CRUTS Can Sidestep Capital Gains Taxes
by John Scibek
While it may seem too good to be true, through careful charitable gift planning, an owner of a “C” corporation can sell her company, avoid paying capital gains tax on virtually all of the gain in her business’s stock, and receive income for life based on the full value of the stock.
How can this be accomplished? By first transferring the stock to a charitable remainder unitrust (CRUT), then selling the assets of the corporation, and finally, by making liquidating distributions from the corporation to the CRUT.
In a traditional asset sale the target corporation sells all of its assets to the buyer in return for the agreed upon purchase price. Gain on the sale of such assets is paid by the corporation. The corporation in turn makes a liquidating distribution of the net sales proceeds to its shareholders, who are then subject to a second tax on such sale proceeds at the individual level.
However, if the stock were in whole or part transferred to a CRUT prior to the asset sale and liquidating distribution, the taxable gain otherwise due upon sale at the individual level would be avoided. The full value of the stock is then available to be invested by the trustee of the CRUT in a diversified portfolio of equity and fixed income assets. At the corporate level, the gain on the sale of the assets cannot be avoided.
Here’s how a CRUT works: The owner transfers stock to a charitable remainder unitrust, which generates a charitable deduction based on the value of the assets, the payout rate, the age of the owner or fixed term of the trust and prevailing interest rates. The trustee sells the stock and invests the sale proceeds. The non-charitable beneficiary receives income from the trust based on the trust’s principal value as determined annually. Upon the death of the beneficiary or at the end of the trust term, the value of the remaining principal in the trust is transferred to one or more charities.
In a perfect world, the trustee may have a buyer waiting to purchase the stock. However, the business owner must be sure not to enter into a binding obligation to sell the stock before transferring it to the trust. Otherwise the owner may not be able to avoid paying the capital gains tax on the appreciation of the stock. The business owner should appoint an independent trustee for the CRUT through at least the stock redemption phase.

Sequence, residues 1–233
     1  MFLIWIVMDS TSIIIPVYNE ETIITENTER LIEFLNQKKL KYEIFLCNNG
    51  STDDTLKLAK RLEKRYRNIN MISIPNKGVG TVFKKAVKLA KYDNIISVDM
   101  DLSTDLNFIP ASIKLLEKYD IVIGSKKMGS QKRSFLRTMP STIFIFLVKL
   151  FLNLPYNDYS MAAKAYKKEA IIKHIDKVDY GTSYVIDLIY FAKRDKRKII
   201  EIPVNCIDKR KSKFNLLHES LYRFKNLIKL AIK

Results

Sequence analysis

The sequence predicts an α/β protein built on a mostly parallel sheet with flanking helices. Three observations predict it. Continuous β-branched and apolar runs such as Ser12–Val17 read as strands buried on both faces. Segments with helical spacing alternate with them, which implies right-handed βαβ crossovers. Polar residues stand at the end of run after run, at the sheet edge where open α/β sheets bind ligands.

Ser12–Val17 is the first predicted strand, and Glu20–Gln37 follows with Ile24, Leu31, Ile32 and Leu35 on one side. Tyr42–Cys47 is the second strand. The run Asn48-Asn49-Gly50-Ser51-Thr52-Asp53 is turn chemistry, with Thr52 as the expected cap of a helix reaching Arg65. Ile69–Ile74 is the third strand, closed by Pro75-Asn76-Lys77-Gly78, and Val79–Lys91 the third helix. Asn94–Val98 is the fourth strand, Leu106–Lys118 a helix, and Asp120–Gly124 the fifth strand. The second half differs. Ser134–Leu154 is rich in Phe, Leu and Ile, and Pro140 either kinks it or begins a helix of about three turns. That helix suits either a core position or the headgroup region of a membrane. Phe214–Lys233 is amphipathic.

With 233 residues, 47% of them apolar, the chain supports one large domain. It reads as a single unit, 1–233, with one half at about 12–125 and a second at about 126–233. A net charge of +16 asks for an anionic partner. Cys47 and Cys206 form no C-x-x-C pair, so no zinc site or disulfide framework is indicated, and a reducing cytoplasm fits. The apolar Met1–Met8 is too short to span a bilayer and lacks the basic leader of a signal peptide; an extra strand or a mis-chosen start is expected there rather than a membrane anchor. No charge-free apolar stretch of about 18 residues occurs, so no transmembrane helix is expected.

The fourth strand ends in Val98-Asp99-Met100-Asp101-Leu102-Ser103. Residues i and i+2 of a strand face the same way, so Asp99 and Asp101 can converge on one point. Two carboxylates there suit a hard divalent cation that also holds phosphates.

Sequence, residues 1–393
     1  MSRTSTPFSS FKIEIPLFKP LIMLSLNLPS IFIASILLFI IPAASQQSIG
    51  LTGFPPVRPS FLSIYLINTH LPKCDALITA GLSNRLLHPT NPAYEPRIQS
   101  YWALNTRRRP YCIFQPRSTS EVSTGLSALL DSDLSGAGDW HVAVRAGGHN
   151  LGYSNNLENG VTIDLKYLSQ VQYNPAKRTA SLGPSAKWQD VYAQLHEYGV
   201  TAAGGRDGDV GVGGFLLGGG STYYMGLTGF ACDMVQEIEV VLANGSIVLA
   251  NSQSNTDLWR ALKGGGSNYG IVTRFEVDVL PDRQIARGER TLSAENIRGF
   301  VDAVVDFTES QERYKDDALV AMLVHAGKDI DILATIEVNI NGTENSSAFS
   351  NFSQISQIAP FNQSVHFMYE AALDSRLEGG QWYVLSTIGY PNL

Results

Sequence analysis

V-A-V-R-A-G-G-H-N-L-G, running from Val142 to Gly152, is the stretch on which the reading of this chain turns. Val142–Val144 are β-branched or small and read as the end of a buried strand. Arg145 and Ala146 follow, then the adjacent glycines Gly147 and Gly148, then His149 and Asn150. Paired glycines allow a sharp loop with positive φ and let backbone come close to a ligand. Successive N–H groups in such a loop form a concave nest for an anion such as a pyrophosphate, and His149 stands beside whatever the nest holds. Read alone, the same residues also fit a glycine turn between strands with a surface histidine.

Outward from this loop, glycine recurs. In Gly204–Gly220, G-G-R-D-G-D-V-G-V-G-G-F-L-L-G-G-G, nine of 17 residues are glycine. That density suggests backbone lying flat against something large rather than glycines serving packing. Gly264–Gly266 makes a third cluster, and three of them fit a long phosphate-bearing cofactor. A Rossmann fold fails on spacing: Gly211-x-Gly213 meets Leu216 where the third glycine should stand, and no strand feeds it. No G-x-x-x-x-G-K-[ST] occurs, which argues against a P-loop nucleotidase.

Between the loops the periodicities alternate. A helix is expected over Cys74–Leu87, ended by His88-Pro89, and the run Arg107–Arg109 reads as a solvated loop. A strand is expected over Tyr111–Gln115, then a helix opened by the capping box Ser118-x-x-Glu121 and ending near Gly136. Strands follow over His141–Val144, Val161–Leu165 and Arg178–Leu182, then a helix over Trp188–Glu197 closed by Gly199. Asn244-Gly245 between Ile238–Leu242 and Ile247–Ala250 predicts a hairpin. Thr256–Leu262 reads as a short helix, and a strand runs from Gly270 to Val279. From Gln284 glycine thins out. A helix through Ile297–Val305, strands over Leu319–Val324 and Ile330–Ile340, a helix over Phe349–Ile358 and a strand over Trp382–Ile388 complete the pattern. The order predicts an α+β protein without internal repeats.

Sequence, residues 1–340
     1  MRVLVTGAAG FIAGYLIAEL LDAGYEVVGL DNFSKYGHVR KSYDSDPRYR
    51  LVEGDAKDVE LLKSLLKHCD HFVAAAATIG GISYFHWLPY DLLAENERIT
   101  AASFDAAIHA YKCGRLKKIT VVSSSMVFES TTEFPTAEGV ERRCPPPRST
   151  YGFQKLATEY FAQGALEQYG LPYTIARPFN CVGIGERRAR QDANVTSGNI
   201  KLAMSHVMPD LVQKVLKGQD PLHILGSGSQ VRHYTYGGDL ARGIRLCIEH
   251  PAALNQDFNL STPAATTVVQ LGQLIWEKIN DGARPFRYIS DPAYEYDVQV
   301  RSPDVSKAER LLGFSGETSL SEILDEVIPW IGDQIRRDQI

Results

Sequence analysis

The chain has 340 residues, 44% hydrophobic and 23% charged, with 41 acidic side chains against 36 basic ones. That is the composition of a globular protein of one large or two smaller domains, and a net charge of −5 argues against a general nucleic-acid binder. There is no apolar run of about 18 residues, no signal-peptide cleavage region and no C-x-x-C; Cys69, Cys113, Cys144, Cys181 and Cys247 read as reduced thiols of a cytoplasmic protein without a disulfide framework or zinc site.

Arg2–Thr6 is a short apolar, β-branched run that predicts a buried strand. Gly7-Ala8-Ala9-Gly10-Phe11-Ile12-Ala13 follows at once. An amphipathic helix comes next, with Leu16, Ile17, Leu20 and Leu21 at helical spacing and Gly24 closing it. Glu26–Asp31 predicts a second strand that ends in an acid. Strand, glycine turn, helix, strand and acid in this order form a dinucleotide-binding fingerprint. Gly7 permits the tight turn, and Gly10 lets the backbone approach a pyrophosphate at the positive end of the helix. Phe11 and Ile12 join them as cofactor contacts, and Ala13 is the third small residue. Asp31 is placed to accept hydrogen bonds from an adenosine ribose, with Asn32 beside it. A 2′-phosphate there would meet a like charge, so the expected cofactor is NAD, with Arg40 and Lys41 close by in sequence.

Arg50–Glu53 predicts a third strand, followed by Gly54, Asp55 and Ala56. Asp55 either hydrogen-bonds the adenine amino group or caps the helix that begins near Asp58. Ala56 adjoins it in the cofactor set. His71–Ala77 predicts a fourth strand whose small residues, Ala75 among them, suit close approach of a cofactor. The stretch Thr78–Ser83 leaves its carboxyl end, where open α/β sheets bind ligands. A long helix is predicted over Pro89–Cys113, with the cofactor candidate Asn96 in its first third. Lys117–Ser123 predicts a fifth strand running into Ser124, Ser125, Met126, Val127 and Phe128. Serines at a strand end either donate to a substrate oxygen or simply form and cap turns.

What if the business owner had contemplated eventually transferring the value of the corporation to loved ones through her estate plans? When the stock is transferred to the CRUT, the action is irrevocable and the value is locked up until the trust terminates and the remainder is transferred to charity.
There is a solution to this disinheritance of loved ones. That is a “Wealth Replacement Trust.” Using the cash equivalent of all or part of the charitable tax savings and ongoing payments that the trust will generate, an Irrevocable Life Insurance Trust (ILIT) may be established. With such a trust, life insurance is purchased to replace the assets transferred to the CRUT or to pay for estate taxes. Once the business owner/CRUT donor dies, the death benefit from the life insurance policy passes to family or friends without taxation to replace the assets that they otherwise would have received, but were instead used to fund the CRUT. When structured properly, the value of the trust is not includable in the estate of the donor.
There is an argument that the death benefit of the ILIT need not be the full value of the stock transferred to the CRUT. If the value of the corporate stock in the donor’s estate would have been reduced by estate tax, or if the business owner had sold the company and netted out an amount substantially reduced by taxes, then the insurance policy may be funded to produce what the estate beneficiaries would have received.
If a business owner wants to sell her company and is philanthropically inclined, a CRUT can help the owner avoid the pain of taxes and put the value of the company to work in generating income for a comfortable future and help a charity fulfill its mission.